FDA Commissioner Scott Gottlieb has given Baxter, a company headquartered in Deerfield, beside Chicago in Illinois, the sole right to import mini bags of saline solution vital for hospitals following the destruction of large numbers of pharmaceutical manufacturing facilities in Puerto Rico due to a hurricane.
“Devastation of infrastructure could result in critical shortages of common medicines, including Crestor and Humira, produced in Puerto Rico, one of the world’s biggest centres for pharmaceutical manufacturing.”
Baxter is allowed to import from its facilities in Ireland and Australia saline bags, which differ from the ones which have received FDA approval, ostensibly as an emergency measure.
Baxter contaminated 72 kilos of seasonal flu with the deadly bird flu virus in 2009 in its biosecurity level 3 facilities in Orth an der Donau, nearly starting a bird flu pandemic.
If there is a shortage of saline bags, why has Gottlieb not asked other pharmaceutical companies to supply them and only Baxter?
If the Baxter imports differ from the FDA approved bags, in what way do they differ?
Are adequate quality controls in place to ensure they are not contaminated with some disease or diluted?
From Oncology Nursing News
Nearly a month after Hurricane Maria left a path of destruction in Puerto Rico, the island is still trying to pick up the pieces.
Newly reported by The Washington Post, is the disruption in production of mini-bags of IV solutions of normal saline and dextrose in water, which are manufactured by Baxter International.
The healthcare company is headquartered in Deerfield, Illinois, but has manufacturing sites in Puerto Rico where these mini-bags are produced. In a press release from Baxter International, the company stated that limited production at its facilities resumed a week following the Category 4 storm, powered by diesel generators.
To combat the shortage, Baxter International initiated an allocation system for hospitals and clinics based on past purchases.
And, as of last week, the Food and Drug Administration (FDA) gave the company permission to import normal saline and other solutions from its manufacturing facilities in Australia and Ireland to help ease shortages in the United States.
In addition, The Washington Post said that more than four dozen FDA-approved drug making facilities are located in Puerto Rico, including ones owned by Pfizer Inc., Merck, Eli Lilly, Johnson & Johnson, Bristol-Myers Squibb and Amgen. Many of these manufacturers produce agents used in the treatment of cancer, and it is unclear at this point if weather-related disruptions will affect the manufacturing of these agents.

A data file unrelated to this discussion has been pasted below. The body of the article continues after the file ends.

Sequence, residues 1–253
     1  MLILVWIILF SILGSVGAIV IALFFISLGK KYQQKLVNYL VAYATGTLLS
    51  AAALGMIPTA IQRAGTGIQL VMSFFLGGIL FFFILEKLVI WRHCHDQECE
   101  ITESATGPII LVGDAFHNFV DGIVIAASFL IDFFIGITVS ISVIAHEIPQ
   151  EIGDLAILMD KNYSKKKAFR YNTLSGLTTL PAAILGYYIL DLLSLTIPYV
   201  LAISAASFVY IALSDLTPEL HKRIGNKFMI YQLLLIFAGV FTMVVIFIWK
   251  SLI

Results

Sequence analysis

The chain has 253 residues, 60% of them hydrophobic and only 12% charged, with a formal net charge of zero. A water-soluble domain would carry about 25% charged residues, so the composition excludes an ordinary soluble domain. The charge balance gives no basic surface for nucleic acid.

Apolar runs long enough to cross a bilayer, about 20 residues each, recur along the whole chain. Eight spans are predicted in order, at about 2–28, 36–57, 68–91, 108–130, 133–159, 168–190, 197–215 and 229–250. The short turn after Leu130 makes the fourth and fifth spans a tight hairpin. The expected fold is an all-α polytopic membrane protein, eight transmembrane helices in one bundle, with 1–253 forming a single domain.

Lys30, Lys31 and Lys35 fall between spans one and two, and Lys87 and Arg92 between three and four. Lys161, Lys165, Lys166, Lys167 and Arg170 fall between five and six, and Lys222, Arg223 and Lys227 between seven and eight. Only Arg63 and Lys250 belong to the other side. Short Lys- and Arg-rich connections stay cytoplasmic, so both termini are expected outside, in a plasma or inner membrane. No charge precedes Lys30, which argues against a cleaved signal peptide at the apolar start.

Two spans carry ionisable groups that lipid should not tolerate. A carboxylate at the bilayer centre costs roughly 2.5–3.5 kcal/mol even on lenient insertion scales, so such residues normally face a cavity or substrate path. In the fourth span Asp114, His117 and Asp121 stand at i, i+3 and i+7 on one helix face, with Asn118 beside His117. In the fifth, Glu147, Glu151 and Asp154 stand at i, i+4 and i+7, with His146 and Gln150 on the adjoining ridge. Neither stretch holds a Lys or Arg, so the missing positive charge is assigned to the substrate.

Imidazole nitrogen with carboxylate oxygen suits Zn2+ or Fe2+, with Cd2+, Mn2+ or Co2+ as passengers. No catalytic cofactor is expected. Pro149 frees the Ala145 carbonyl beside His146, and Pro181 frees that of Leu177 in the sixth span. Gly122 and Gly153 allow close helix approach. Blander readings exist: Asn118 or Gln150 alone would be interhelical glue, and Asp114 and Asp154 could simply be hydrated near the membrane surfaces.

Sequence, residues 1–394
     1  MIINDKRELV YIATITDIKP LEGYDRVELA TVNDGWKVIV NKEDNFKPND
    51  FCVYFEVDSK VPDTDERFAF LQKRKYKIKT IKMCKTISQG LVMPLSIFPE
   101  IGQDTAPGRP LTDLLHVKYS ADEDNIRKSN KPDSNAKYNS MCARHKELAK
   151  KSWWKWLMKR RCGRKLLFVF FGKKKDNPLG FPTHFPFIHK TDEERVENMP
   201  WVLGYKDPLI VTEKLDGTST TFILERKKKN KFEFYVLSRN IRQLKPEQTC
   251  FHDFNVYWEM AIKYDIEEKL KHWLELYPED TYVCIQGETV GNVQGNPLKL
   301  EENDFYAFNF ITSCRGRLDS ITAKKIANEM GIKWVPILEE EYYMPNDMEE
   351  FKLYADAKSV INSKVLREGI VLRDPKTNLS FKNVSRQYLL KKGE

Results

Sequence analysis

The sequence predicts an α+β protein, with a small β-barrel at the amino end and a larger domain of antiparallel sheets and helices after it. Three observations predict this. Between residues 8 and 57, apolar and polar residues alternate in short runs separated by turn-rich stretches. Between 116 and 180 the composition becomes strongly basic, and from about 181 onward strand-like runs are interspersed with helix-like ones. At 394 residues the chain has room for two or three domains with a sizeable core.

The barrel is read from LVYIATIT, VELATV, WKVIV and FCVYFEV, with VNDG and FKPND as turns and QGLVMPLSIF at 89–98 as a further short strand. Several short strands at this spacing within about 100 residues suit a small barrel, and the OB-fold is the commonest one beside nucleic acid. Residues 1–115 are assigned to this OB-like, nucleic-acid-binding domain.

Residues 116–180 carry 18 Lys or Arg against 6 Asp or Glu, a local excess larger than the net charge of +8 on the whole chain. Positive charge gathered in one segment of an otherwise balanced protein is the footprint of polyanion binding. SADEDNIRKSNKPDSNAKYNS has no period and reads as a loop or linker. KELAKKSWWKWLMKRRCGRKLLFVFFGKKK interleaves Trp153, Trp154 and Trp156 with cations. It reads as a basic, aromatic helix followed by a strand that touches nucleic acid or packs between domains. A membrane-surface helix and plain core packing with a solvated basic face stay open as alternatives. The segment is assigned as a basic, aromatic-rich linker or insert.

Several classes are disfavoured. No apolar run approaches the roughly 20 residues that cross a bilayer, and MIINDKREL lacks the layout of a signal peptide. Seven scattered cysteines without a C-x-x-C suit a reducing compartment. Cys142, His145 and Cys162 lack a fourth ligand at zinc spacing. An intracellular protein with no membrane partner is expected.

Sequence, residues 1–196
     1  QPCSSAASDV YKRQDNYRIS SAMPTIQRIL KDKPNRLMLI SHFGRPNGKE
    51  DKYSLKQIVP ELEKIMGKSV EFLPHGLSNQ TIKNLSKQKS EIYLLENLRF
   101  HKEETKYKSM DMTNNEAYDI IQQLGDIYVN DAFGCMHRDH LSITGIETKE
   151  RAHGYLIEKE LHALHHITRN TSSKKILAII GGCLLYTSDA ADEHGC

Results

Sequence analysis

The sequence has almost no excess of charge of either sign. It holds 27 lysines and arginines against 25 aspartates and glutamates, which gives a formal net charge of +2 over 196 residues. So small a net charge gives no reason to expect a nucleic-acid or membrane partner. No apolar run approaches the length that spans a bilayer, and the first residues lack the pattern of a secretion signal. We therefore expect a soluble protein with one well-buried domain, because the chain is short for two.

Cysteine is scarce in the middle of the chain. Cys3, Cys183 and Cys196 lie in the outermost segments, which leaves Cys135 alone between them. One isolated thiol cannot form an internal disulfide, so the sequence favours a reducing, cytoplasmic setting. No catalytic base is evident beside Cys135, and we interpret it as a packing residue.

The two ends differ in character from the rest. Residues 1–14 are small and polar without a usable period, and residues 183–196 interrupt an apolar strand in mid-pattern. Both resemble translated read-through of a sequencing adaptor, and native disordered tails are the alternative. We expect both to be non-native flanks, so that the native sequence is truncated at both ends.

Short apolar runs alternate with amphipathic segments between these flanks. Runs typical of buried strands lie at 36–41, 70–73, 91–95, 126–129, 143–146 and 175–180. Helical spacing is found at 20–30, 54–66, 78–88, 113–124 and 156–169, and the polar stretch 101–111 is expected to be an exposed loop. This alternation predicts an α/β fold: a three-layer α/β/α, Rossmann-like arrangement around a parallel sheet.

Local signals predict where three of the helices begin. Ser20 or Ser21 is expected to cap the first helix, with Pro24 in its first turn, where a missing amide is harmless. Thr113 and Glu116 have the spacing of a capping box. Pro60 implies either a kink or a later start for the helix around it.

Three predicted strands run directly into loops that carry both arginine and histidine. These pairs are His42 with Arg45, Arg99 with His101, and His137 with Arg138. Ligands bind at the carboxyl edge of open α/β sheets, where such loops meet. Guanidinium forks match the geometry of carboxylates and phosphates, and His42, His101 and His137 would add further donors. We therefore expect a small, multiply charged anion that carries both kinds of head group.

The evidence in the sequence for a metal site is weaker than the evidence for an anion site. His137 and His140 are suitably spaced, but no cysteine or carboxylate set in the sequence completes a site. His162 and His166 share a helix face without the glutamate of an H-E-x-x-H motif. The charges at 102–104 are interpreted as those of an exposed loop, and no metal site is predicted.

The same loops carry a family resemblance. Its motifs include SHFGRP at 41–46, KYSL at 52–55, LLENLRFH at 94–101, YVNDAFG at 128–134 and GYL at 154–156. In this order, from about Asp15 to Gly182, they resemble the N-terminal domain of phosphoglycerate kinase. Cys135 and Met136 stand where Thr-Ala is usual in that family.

“Baxter remains focused on helping ensure patients have continued access to the products and therapies they need,” stated the press release.
In letters dated Monday, the company, Baxter International, informed its customers that they could now order bags of saline solution that are manufactured abroad even though they are not FDA-approved because they are not marketed in the United States. Saline solution, given intravenously, is used for hydration and to dilute drugs.
Baxter Healthcare said in letters to health care professionals dated Monday that it is working with the US Food and Drug Administration (FDA) to import sodium chloride and glucose intravenous infusion products from Ireland and Australia to address shortages because of Hurricane Maria.
The temporary imports are manufactured at Baxter facilities in Ireland and Australia and the company notes that at this time, “No other entity except Baxter is authorized by the FDA to import or distribute these products in the United States.”
All four of the letters sent by Baxter on Monday also noted some of the differences between the FDA-approved products and the imports.
The head of the U.S. Food and Drug Administration said the agency was working with several pharmaceutical and medical device companies in Puerto Rico to prevent shortages of medical products in the United States as it joins a massive effort to help rebuild the island that was ravaged by Hurricane Maria.
FDA Commissioner Scott Gottlieb said the agency has been monitoring more than 40 drug products in Puerto Rico, where 10 percent of the drugs prescribed in the United States are made.
Gottlieb said last week that the United States may face a small number of drug shortages due to delays in restoring manufacturing operations in the island.
There are currently more than 50 medical device making plants in Puerto Rico, employing about 18,000 people.
The regulator is taking steps to mitigate shortages by importing devices from outside the United States or allowing manufacturers to shift production to alternative sites, the FDA said.